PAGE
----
Coalition to Back Black Businesses. The organization gives $5,000 grants to small businesses in economically vulnerable communities. After several months of mentorship and guidance, some businesses receive an additional $25K.
Comcast Rise Investment Fund. The investment fund awards $10,000 grants to small businesses in specific geographic locations. The business must be operated by a person of color or a woman.
EnrichHER Grant. The EnrichHER small business grant gives eligible entrepreneurs — especially women and people of color — and businesses $5,000 to pay for minor expenses. There is a $37 application fee, and this application round is rolling.
The Entrepreneurial Spirit Award by SIA Scotch. The Entrepreneurial Spirit Award will provide 11 small business owners of color in the food and beverage industry with $10,000 plus mentorship with Carin Luna-Ostaseski, one of the first Hispanic entrepreneurs to create a scotch whiskey brand.
Fast Break for Small Business. Sponsored by LegalZoom, the NBA, WNBA and NBA G League, the organizatio supports small businesses with $10,000 grants and support from LegalZoom.
FedEx Entrepreneur Fund. In collaboration with Hello Alice and the Global Entrepreneurship Network (GEN), the FedEx Entrepreneur Fund supports 30 small businesses owned by U.S. military-connected entrepreneurs and people with disabilities. Chosen applicants receive $10,000 grants and are eligible to receive an additional $5,000 after the completion of a post-grant report.
Female Founders Fund. The organization invests in business-to-business, consumer, fintech and health care businesses that have at least one female founding member and primarily focuses on investing in seed-stage businesses.
Fresh Start Business Grant. New or aspiring entrepreneurs can seek funding from the Fresh Start Business Grant. Recipients are high school, trade school or college students who will receive $2,500 to further their education.
HerRise Microgrants. This program gives $500 per month to women of color to create innovative solutions that impact communities.
iFundWomen. Sixty small business owners receive $10,000 grants in the program sponsored by VISA.
Live Your Dream Education and Training Awards. The Live Your Dream Awards is a fund created for women who are the primary source of income for their families. The organization provides women with grants to further their education or training. Applicants are eligible for awards between $1,000 and $10,000.
National Association for the Self-Employed (NASE) Growth Grants. NASE provides up to $4,000 to assist with training, marketing and more. You must be a member for 90 days before you can apply.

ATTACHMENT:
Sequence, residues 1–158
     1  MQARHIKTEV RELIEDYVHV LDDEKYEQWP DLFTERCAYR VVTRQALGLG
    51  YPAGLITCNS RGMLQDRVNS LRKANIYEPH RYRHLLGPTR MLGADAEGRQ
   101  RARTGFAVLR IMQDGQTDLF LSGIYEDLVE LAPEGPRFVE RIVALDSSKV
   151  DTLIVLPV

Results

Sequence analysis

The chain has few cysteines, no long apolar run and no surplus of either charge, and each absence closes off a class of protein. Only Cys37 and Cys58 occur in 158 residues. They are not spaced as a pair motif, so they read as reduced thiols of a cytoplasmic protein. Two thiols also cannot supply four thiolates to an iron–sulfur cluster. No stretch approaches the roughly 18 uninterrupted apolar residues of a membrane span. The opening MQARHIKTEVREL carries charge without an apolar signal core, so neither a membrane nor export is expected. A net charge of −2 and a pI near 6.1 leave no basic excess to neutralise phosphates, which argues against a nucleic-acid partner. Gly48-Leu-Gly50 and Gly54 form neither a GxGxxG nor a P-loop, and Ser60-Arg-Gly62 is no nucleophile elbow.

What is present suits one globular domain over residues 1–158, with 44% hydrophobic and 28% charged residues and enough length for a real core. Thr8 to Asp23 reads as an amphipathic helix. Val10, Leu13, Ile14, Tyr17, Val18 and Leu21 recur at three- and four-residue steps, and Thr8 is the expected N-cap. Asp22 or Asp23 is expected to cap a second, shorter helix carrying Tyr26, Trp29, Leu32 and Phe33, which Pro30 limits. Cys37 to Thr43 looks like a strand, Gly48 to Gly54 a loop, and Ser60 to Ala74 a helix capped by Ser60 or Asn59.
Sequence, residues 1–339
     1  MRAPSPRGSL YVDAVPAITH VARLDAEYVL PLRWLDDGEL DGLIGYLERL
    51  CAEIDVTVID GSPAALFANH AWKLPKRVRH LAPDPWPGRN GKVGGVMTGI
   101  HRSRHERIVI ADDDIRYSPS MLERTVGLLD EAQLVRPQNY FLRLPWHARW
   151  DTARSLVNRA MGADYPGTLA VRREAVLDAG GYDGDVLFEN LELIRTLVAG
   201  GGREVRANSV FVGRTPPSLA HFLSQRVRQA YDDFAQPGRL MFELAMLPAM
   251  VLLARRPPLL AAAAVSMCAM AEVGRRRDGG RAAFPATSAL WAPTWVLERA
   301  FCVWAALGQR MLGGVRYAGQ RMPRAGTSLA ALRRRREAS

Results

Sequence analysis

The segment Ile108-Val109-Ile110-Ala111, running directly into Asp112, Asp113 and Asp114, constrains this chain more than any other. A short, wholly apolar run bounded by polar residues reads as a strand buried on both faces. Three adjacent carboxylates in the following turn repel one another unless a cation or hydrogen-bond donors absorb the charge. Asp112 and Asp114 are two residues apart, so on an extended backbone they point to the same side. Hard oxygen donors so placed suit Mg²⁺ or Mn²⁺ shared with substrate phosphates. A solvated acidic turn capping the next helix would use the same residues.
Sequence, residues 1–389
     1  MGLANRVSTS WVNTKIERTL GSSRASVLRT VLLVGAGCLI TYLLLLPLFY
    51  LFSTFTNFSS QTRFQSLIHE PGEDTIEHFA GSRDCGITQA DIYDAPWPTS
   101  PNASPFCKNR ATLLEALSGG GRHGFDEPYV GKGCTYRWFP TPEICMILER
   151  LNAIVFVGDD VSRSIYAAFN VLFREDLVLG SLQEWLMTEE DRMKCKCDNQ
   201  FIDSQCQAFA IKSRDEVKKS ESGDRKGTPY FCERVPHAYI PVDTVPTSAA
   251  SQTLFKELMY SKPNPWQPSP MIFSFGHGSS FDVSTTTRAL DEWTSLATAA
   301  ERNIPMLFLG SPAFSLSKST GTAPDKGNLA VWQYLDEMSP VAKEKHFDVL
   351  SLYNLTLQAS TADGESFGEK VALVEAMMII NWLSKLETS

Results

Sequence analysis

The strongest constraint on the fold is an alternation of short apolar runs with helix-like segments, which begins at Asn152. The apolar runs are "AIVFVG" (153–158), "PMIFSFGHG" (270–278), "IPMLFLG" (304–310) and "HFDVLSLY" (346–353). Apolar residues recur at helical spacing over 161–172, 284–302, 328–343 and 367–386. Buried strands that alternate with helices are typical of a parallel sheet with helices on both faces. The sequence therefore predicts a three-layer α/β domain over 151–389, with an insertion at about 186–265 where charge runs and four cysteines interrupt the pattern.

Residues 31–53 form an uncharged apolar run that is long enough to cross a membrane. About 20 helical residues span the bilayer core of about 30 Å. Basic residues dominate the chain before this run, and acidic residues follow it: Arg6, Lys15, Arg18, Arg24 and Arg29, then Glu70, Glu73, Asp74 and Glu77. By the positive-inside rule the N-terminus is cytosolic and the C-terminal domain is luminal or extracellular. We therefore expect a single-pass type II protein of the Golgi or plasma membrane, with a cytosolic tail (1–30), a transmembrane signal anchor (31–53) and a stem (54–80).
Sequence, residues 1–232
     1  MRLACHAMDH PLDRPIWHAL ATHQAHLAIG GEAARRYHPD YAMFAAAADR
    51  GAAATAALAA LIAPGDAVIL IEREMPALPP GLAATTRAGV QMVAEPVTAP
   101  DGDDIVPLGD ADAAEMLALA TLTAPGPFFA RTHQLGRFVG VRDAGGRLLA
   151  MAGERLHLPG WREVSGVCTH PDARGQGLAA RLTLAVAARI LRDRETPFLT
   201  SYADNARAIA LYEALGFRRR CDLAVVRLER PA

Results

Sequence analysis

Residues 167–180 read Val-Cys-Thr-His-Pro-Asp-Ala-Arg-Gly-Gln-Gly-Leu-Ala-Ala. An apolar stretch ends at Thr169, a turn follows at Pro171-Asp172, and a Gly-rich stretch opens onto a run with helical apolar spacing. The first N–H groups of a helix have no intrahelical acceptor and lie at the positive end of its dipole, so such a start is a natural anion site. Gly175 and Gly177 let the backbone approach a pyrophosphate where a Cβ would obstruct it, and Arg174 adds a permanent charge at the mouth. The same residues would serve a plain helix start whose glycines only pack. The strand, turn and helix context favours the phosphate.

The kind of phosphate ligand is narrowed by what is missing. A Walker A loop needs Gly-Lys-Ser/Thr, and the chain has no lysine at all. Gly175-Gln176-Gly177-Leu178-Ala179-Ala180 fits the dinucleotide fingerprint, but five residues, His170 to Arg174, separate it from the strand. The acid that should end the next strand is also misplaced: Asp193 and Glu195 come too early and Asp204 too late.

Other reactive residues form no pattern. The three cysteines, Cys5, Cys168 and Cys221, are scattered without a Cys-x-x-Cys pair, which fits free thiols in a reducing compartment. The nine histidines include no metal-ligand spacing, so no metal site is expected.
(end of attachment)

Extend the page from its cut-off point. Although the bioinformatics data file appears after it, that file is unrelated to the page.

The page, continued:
National Black MBA Assocation. The organization's Scale-Up Pitch Challenge offers members a chance to win up to $50,000. In 2020, all winners were black female entrepreneurs.
Power Forward Small Business Grant. Black-owned small businesses in New England are eligible for the Power Forward Small Business Grant program. Sponsored by the NAACP, Vistaprint and the Boston Celtics Shamrock Foundation, businesses with no more than 25 employees are eligible to apply for grants of $25,000.
RTC Women in Tech Fund: Rewriting The Code (RTC). The program supports college and early career women in tech with financial resources to help cover education costs. Three grant levels are available.
Small Business Digital Ready Program. National ACE offers a free digital readiness program for Asian and Pacific Islander small business owners. Those who register and take two courses are eligible for a $10,000 grant.
Venmo Small Business Grant. The Venmo Small Business Grant gives 20 new and existing Venmo Business Profile customers $10,000 for expenses like rent or digital marketing. You must set up a Venmo Business Profile to apply.
Grant Writing Assistance for Small Businesses
Whether you’re a nonprofit or a small business, the grant writing process is essentially the same. Federal grants are cumbersome and require a lot of information; private grant applications tend to be a little easier to navigate. Even so, if you’re not an experienced grant writer, professional grant writing training could help your efforts to secure funding. Check out our self-paced grant writing course to learn the in’s and out’s before you start writing your application. The information is invaluable to helping your nonprofit – or small business – do more, better.